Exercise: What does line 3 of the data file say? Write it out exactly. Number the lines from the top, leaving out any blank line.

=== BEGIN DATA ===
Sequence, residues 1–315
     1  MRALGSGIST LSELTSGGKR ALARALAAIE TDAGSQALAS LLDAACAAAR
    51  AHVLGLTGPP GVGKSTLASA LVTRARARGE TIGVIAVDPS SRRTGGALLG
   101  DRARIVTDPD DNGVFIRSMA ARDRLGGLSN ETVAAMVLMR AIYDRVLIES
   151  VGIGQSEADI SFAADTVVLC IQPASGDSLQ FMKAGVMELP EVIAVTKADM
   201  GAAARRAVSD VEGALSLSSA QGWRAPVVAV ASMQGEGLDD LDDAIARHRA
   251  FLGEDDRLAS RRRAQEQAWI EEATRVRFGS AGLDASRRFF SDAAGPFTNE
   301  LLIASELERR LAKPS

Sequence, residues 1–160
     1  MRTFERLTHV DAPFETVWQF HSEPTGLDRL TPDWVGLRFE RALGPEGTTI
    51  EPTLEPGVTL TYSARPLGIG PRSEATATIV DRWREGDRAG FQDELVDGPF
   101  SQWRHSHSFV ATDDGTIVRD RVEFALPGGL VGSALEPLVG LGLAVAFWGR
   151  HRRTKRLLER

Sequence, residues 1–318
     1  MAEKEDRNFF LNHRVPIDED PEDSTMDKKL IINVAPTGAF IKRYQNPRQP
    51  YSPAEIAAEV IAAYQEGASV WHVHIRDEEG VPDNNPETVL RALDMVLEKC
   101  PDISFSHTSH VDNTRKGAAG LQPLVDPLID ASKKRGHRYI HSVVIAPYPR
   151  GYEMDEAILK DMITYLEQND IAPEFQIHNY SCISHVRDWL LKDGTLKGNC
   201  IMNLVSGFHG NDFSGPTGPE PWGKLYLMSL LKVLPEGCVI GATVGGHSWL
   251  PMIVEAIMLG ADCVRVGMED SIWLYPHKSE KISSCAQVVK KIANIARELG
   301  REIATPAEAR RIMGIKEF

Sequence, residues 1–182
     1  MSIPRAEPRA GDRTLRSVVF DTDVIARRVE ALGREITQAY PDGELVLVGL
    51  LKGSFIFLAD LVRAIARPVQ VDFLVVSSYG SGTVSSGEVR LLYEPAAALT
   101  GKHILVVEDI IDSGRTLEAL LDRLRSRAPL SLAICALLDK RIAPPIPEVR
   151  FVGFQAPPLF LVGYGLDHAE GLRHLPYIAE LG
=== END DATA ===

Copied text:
    51  AHVLGLTGPP GVGKSTLASA LVTRARARGE TIGVIAVDPS SRRTGGALLG